There are plenty of family-friendly Earth Day events happening at parks across the country. At Liberty State Park in New Jersey, the annual Earth Day Celebration will have free arts & crafts activities and giveaways for kids. There will be kite-flying, live music and entertainers, and also fun inflatable rides. At the celebration’s 5K Run and 5K Walk, participants will receive a free t-shirt and also have the chance to win trophies and medals. While you’re at the park, don’t forget to take a moment to enjoy the picturesque view of the New York City skyline!

There will be a full day of family fun at the Earth Day Celebration at Bear Mountain State Park in New York. Student Conservation Association’s Hudson Valley Corps and Trailside Museums and Zoo have a stellar line-up of activities aimed at fostering environmental awareness. These activities will be happening at stations along the trails, rain or shine.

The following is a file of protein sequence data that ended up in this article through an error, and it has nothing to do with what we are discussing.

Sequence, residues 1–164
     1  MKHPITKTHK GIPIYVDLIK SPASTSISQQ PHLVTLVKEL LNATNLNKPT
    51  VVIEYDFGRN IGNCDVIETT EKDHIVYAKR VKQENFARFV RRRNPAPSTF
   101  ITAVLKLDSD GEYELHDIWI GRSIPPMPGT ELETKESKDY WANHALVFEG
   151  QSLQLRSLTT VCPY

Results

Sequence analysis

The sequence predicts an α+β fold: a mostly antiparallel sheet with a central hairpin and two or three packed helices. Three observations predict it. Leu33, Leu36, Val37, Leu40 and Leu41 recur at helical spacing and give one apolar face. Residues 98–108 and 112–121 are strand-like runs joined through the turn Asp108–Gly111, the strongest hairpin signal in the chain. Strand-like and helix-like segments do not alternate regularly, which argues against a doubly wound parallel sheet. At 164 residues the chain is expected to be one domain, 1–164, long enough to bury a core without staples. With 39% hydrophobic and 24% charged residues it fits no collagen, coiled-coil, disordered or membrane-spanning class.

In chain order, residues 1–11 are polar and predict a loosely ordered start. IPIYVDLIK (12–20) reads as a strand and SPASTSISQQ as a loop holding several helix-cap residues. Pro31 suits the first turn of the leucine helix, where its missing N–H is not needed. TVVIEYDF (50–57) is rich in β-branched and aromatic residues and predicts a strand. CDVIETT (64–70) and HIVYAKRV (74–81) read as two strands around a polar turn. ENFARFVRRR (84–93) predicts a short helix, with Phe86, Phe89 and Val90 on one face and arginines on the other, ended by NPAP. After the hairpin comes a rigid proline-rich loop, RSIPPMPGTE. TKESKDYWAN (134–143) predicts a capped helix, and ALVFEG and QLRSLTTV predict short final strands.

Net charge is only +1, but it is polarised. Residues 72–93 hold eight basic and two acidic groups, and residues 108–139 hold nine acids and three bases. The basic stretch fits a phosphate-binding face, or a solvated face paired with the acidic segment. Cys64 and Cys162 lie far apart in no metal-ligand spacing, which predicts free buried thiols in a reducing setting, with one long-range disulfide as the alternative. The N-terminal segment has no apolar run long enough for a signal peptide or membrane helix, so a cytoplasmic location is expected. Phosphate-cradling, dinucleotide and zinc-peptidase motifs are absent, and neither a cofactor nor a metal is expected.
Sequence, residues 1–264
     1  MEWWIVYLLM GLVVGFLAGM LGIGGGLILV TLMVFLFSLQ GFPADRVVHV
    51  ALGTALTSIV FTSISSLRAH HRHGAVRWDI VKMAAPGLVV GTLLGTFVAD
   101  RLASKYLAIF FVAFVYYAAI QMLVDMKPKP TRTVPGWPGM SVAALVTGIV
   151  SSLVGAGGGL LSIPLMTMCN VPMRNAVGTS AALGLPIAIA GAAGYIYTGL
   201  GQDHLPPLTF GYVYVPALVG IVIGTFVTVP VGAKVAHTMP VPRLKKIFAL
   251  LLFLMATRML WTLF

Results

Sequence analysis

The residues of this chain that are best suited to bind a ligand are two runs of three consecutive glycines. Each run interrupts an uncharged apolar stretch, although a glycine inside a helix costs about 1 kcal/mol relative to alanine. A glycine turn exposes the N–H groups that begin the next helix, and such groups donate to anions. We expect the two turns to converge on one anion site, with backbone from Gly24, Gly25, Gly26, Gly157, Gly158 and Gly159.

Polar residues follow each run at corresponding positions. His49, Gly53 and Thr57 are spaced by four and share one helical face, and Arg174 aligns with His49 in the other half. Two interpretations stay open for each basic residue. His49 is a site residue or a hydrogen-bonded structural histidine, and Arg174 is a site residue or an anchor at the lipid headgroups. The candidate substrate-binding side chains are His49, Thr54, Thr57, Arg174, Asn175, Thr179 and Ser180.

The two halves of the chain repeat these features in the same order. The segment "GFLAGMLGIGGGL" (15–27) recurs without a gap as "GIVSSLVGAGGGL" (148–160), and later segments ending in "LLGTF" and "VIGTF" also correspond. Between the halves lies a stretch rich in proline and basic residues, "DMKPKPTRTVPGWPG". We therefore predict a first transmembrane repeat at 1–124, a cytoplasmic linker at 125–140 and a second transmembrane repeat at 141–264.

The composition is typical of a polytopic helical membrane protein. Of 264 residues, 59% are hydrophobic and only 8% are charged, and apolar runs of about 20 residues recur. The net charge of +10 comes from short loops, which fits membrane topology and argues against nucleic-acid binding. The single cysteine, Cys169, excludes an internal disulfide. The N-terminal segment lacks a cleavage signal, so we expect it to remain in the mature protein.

Let your friends, family or the whole world know about your Earth Day adventures and achievements by sharing your waypoints on any of our free Pocket Ranger® apps! With just the click of a button, easily share your marked waypoints with others through Facebook, Twitter and email. 

Beautiful Wildflower Hikes

Image: www.pinterest.com/pin/379850549794553932/

Image: www.pinterest.com/pin/379850549794553932